Provisional determination is the first step in the provisional registration pathway. The provisional pathway for registration provides a formal and transparent mechanism for speeding up the registration of promising new medicines based on preliminary clinical data. Having provisional determination does not mean that provisional registration will be granted.

To read more follow the link below:
Provisional determination granted to Pfizer's COVID-19 vaccine (COMIRNATY) - for use in children 5-11 years of age


A recording is now available from The Alfred’s community information session on COVID-19 vaccinations and fertility

A webinar recording is now available from The Alfred’s community information session on COVID-19 vaccinations and fertility which was held on Thursday 7 October.

In this session, Alfred Health Infectious diseases physician and immunisation expert Prof Michelle Giles is joined by A/Prof Kate Stern, Head of Reproductive Services at The Royal Women's Hospital to discuss vaccination and fertility. They explain in detail how the vaccines work and answer questions from the community around fertility issues.

The full recording is available via the link below:

The Alfred community discussion 7 October


ATAGI statement on the use of a 3rd primary dose of COVID-19 vaccine in individuals who are severely immunocompromised

Recommendations from the Australian Technical Advisory Group on Immunisation (ATAGI) on the use of a third primary dose of COVID-19 vaccine in individuals who are severely immunocompromised have been announced.

The recommendations have been outlined below:

  • ATAGI recommends a 3rd dose of COVID-19 vaccine as part of the primary course in individuals who are severely immunocompromised.
  • This is to address the risk of suboptimal or non-response to the standard 2 dose schedule.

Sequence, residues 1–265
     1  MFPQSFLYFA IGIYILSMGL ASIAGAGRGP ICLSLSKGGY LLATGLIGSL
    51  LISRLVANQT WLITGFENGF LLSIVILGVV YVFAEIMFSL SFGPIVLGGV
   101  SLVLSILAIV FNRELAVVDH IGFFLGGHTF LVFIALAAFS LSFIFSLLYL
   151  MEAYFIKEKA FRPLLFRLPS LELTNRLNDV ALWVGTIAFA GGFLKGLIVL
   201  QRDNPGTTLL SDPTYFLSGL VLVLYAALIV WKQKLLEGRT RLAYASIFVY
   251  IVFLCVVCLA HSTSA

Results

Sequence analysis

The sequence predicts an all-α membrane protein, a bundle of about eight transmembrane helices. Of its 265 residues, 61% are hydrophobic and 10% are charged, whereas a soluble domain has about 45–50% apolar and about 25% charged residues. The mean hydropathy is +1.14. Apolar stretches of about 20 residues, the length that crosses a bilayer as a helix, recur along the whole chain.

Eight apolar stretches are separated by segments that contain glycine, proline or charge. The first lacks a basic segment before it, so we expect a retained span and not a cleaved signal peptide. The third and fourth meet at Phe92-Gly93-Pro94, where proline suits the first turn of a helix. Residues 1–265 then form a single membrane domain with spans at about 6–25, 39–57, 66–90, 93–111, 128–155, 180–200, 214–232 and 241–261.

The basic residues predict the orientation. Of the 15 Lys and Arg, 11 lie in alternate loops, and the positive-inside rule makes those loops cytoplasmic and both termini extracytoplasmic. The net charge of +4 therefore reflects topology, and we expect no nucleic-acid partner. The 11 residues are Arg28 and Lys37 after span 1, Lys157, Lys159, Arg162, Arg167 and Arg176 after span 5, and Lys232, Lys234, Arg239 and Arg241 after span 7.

• The 3rd dose is intended to maximise the level of immune response to as close as possible to the general population.
  • This recommendation applies to all individuals aged ≥12 years with certain conditions or on therapies leading to severe immunocompromise, as defined in Box 1 (refer to full statement).
  • An individual with an unlisted condition should only be considered for a 3rd dose where the treating physician has assessed the patient as having a similar level of severe immunocompromise to the listed conditions in Box 1, and where the benefits of a 3rd dose of COVID-19 vaccine outweigh the risks.
  • Individuals who currently are not severely immunocompromised but who will commence significant immunosuppressive therapy ≥ 2 weeks after their 2nd dose do not require a 3rd dose, as it can be expected that an adequate response to 2 primary doses will be achieved.
  • ATAGI does not recommend subsequent doses beyond the 3rd dose at this time. Many patients who fail to respond to 3rd doses may not respond to further doses.
  • Protection from 3 primary doses in severely immunocompromised individuals may still be lower than the general population. People should continue risk mitigation strategies such as mask wearing and social distancing even after receipt of a 3rd dose.
  • ATAGI will continue to monitor the evidence around duration of protection and advise on the need for subsequent (booster) doses in immunocompromised populations to address waning of protection or risk from variants of concern.
  • ATAGI will provide further advice on booster doses (including for healthcare workers, older adults and the general population) separately. See about the need for additional doses of COVID-19 vaccines.

To view the statement in full, please click on the link below.
ATAGI statement on the use of a 3rd primary dose of COVID-19 vaccine in individuals who are severely immunocompromised